Boxing clever? Amazon Fire TV is SO CLOSE to being excellent

Telly box with gaming for the price of a tank of petrol


Prime numbers

A similar arrangement gives you access to Digital Concert Hall, an app from Berliner Philharmoniker offering concerts and live streams. A third party app called TV Player gives you access to Freeview channels including BBC, ITV, Channel 4 and Channel 5.

Fire TV streamed smoothly in my tests, and makes sense for Prime subscribers. Whether Prime is good value is moot. The free content exists; but search for a movie and most of the time it comes up as a paid option, even for older titles.

Amazon Fire TV

Home screen

Roman Holiday (1953): £3.49 to rent, £7.99 to buy. Gone with the Wind (1939): £2.49/£4.99. More recent offerings have their own quirks, for instance, Star Trek Into Darkness (2013) is £7.99 to buy but no rental option. The Dark Knight Rises (2012) on the other hand: watch for free with Prime. The best advice is to check out the list on Amazon’s site and decide whether it is worth it for you.

Music is less well served. Fire TV connects to Amazon’s cloud music service, which means anything you bought from Amazon MP3, auto-rip CDs (you buy the CD and Amazon automatically adds the MP3s), and up to 250 other tracks manually uploaded. However, there is no music store on Fire TV itself. I also found the selection of concert videos poor, whether free or paid.

There is a Spotify Connect app, but this is not full Spotify; rather, it's a receiver for Spotify played from your mobile or tablet.

Amazon Fire TV

Voice remote: press and hold the button, speak a title and then let go to search

Fire TV has a few party tricks. One is voice search, which operates via a microphone built into the remote. Press and hold the voice button, speak, release, and your words go up to Amazon’s cloud voice recognition service and back down to perform a system-wide search.

Voice search is mostly good. It does make sense for a sit-back experience, and searching for something like a movie, actor or app generally works first time. There are occasional frustrations. A search for “TuneIn Radio” is recognised as “Tune in radio” and does not find the app. That said, it works well enough for you to use it.

Amazon Fire TV

Miracast on the Fire TV: your mileage may vary

There is also an Amazon Cloud Drive app which you can instal on your Android or iOS device (Windows Phone users are out of luck) which automatically uploads your photos and videos, which then sync with Fire TV for viewing. A handy feature.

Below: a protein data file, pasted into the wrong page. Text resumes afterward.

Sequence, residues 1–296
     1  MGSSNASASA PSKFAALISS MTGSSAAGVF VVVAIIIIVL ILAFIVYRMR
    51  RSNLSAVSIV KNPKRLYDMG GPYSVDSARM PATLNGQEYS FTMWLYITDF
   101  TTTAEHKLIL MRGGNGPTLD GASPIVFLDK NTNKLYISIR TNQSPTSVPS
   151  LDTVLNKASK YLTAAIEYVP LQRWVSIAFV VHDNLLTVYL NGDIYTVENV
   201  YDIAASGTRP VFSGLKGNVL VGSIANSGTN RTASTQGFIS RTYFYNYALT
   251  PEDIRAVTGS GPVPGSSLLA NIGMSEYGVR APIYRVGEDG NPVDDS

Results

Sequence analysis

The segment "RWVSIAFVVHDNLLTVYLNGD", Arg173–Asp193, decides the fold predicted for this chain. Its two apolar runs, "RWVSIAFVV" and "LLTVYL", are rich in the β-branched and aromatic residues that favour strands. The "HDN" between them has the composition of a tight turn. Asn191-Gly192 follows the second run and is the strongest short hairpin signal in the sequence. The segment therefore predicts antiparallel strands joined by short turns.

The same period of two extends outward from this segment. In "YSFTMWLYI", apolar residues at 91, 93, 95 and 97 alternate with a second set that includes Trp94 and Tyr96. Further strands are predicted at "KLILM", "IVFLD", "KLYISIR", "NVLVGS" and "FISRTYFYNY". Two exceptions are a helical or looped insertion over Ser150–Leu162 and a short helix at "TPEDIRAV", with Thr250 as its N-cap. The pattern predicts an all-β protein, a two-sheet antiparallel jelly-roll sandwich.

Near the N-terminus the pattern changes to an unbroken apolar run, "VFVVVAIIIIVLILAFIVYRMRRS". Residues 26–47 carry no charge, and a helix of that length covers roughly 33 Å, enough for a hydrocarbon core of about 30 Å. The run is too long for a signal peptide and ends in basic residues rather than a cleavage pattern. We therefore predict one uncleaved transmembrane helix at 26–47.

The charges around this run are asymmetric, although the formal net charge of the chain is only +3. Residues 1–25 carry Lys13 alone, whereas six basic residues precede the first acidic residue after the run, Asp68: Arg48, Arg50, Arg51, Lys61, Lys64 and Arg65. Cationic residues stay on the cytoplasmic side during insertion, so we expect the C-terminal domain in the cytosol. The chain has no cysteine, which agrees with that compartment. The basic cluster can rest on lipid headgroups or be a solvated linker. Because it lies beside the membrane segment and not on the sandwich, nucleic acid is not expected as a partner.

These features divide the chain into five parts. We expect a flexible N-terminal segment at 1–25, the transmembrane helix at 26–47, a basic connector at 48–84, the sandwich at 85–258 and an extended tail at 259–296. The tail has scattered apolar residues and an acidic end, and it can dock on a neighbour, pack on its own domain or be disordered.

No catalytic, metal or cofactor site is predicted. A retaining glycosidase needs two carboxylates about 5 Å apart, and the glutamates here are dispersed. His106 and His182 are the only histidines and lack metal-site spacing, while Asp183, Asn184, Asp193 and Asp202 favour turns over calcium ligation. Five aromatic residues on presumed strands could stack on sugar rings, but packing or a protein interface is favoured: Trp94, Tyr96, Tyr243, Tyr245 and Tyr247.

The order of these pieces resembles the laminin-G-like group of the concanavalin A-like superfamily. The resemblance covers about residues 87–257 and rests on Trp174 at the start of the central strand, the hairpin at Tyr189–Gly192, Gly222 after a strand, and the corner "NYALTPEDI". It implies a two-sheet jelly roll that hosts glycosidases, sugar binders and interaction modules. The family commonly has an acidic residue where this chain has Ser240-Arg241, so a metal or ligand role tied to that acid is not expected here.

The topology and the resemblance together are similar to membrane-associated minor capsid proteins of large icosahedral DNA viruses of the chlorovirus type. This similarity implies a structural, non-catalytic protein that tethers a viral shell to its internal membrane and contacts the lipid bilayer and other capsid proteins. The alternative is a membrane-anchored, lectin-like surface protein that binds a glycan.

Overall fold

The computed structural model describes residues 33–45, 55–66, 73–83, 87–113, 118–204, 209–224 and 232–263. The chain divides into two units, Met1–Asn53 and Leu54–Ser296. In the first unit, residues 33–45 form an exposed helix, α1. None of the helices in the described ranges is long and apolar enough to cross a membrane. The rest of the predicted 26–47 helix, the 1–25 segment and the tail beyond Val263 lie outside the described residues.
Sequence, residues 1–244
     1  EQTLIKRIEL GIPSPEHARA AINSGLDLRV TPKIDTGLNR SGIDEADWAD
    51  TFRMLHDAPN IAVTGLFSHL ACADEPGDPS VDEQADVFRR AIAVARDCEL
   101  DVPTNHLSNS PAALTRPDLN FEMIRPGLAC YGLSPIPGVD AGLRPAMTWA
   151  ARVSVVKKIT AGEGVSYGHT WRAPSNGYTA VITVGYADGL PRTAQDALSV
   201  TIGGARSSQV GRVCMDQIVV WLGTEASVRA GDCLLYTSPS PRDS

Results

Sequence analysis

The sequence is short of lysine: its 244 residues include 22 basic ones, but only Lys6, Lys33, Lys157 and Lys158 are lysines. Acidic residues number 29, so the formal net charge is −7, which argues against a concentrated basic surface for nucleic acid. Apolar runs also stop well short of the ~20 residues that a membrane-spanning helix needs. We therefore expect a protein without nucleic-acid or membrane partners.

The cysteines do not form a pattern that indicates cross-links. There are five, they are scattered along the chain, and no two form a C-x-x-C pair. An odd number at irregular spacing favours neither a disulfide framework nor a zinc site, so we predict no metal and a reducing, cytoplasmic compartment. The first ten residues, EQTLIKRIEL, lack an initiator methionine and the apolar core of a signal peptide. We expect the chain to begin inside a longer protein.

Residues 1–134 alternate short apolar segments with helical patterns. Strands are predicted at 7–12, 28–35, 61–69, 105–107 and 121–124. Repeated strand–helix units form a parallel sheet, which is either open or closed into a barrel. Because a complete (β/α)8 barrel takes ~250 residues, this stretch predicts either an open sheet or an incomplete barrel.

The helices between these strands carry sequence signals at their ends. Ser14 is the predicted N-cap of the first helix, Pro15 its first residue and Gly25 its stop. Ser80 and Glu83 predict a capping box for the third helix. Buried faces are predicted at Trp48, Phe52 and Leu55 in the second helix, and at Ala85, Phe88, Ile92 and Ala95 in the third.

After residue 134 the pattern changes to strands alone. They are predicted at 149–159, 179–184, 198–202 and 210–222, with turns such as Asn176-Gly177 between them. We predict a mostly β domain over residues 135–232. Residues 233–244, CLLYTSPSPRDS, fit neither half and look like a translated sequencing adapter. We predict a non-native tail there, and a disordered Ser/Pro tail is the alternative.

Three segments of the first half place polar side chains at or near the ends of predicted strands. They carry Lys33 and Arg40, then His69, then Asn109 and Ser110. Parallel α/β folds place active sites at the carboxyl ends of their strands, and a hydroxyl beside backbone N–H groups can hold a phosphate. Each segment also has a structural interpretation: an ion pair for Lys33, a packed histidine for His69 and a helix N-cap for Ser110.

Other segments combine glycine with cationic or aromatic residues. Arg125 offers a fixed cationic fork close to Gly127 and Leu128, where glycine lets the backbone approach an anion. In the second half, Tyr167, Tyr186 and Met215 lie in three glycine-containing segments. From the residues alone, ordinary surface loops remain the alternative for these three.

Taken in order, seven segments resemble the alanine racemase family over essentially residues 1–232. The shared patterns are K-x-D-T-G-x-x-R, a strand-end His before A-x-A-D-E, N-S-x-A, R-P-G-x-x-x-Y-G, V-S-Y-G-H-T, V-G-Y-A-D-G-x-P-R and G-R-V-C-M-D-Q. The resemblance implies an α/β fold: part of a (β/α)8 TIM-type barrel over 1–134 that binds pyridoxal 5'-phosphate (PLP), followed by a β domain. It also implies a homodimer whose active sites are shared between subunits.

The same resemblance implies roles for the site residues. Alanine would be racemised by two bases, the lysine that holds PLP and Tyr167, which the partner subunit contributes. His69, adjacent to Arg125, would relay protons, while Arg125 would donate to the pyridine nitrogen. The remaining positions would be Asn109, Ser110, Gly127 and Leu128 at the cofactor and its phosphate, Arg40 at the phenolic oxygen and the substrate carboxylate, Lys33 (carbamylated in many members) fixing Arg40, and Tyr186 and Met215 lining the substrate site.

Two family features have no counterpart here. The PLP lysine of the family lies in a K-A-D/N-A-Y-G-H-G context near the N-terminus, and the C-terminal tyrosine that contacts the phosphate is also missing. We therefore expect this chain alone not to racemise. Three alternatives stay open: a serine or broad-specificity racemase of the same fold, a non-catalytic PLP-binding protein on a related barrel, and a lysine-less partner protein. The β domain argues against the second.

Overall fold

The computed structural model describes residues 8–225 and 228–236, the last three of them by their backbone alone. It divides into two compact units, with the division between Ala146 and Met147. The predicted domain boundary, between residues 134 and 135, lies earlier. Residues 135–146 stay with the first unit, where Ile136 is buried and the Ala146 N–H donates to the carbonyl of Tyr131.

What about casting a screen from another device to the Fire TV? There are two separate features. Second Screen only works with Kindle Fire or HDX tablets, and lets you project photos or videos from the device to the Fire TV. There is also Miracast support, accessed through display settings, which in theory should let you project the screen from any Miracast-compatible device. I tried two, one Android and one Windows, and neither worked for me.

Next page: Cut-price console

Similar topics


Other stories you might like

  • It's a crime to use Google Analytics, watchdog tells Italian website
    Because data flows into the United States, not because of that user interface

    Updated Another kicking has been leveled at American tech giants by EU regulators as Italy's data protection authority ruled against transfers of data to the US using Google Analytics.

    The ruling by the Garante was made yesterday as regulators took a close look at a website operator who was using Google Analytics. The regulators found that the site collected all manner of information.

    So far, so normal. Google Analytics is commonly used by websites to analyze traffic. Others exist, but Google's is very much the big beast. It also performs its analysis in the USA, which is what EU regulators have taken exception to. The place is, after all, "a country without an adequate level of data protection," according to the regulator.

    Continue reading
  • Big Tech loves talking up privacy – while trying to kill privacy legislation
    Study claims Amazon, Apple, Google, Meta, Microsoft work to derail data rules

    Amazon, Apple, Google, Meta, and Microsoft often support privacy in public statements, but behind the scenes they've been working through some common organizations to weaken or kill privacy legislation in US states.

    That's according to a report this week from news non-profit The Markup, which said the corporations hire lobbyists from the same few groups and law firms to defang or drown state privacy bills.

    The report examined 31 states when state legislatures were considering privacy legislation and identified 445 lobbyists and lobbying firms working on behalf of Amazon, Apple, Google, Meta, and Microsoft, along with industry groups like TechNet and the State Privacy and Security Coalition.

    Continue reading
  • I was fired for blowing the whistle on cult's status in Google unit, says contractor
    The internet giant, a doomsday religious sect, and a lawsuit in Silicon Valley

    A former Google video producer has sued the internet giant alleging he was unfairly fired for blowing the whistle on a religious sect that had all but taken over his business unit.